Slaughter is cognizant of men’s struggles too, and cites a number of male role models and case studies. But for Slaughter, the career-crushing difficulties of managing the dual demands of work and family are empirically a woman-problem. Women are not advancing in the ranks in proportion with their numbers and promise. Women are choosing to leave graduate school, drop out of research at the post-doc level, accept part-time positions in their husbands’ labs. This is a problem to the extent that it represents thwarted ambition and lost talent. It’s a problem for those of us that feel we would benefit from having women in leadership, even if we don’t ourselves aspire to lead.
Slaughter’s prescription: cultural change, starting with the elites in leadership—the deans and managers and senior partners who have the power to set examples and establish workplace policies. “I am well aware that the majority o f American women face problems far greater than any discussed in this article. I am writing for my demographic—highly educated, well-off women who are privileged enough to have choices in the first place.”
She says we can start by making work hours flexible to the extent that flex is possible. Obviously, we can’t make everyone academics. There needs to be a solution for the majority of the working men and women out there, who are constrained by limited personal control over their working hours. Expectations of face-time in government, and in many high powered careers like law, are extreme. But this attitude is not universal. Expectations of face-time are less stringent at Facebook, she says, than in the White House. Silicon Valley trusts its executives to put in the after-hours hours from home.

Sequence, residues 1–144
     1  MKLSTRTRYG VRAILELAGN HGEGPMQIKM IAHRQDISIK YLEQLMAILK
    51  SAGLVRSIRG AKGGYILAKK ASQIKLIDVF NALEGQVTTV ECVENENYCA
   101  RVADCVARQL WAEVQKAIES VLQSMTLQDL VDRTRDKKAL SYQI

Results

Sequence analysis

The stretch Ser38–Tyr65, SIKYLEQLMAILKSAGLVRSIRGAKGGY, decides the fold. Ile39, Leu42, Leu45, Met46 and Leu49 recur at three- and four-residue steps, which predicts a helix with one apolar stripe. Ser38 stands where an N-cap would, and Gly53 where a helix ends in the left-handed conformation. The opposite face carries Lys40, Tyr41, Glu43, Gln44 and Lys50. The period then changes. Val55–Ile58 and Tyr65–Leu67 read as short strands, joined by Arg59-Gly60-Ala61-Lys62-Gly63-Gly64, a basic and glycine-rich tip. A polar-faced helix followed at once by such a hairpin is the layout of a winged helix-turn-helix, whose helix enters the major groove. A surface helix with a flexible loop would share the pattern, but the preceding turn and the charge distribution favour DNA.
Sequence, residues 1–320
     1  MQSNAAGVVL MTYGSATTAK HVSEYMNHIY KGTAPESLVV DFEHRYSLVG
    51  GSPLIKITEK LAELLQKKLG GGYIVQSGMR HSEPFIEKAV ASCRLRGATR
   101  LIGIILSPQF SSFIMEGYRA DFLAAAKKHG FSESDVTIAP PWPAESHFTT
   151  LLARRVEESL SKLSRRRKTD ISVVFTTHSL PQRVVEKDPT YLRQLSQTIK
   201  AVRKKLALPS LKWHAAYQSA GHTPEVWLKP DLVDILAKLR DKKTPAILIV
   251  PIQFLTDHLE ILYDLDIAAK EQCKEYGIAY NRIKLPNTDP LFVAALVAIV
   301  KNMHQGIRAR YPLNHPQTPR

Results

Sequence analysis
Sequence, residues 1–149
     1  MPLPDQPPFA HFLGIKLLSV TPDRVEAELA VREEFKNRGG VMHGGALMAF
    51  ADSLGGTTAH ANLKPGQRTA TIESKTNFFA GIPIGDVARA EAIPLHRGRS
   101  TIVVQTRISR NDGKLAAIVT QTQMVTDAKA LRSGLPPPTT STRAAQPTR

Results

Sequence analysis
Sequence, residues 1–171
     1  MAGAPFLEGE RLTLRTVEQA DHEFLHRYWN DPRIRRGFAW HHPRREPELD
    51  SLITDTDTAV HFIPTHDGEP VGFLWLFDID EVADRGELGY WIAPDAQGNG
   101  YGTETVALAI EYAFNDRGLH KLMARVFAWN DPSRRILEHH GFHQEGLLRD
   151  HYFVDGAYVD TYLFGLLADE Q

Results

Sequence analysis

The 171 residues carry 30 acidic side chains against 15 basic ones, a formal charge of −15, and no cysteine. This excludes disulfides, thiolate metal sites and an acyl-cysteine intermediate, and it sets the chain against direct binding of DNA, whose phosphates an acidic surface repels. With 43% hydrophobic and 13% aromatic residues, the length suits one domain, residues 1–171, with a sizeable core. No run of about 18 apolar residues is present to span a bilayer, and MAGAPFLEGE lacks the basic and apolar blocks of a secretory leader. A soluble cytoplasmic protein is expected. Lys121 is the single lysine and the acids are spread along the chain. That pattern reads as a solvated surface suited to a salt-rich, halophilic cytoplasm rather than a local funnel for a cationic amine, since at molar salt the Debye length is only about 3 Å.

Inflexible schedules cannot be the only problem. Women academics are clearly struggling too, to judge by the attrition of women from the upper tiers of the biological sciences. Perhaps we need more flexibility in our judgment of career arc and accomplishment. Workaholics may win the race up the career ladder, but is the race the best arbiter of leadership quality? Are workaholics always the most creative CEOs and politicians and PIs? Does more hours always equal more accomplished?
“Taking time for family should not be a blot on your resume,” Slaughter writes. It should be possible to re-enter the rat race after taking several years out to focus on parenting or caring for elderly parents—or exploring tangential career paths, for that matter. Because this is not just a matter of fairness, but of squandered talent. It doesn’t make sense for a business, or a university, or for society at large to squander talent by pushing parents out of the game.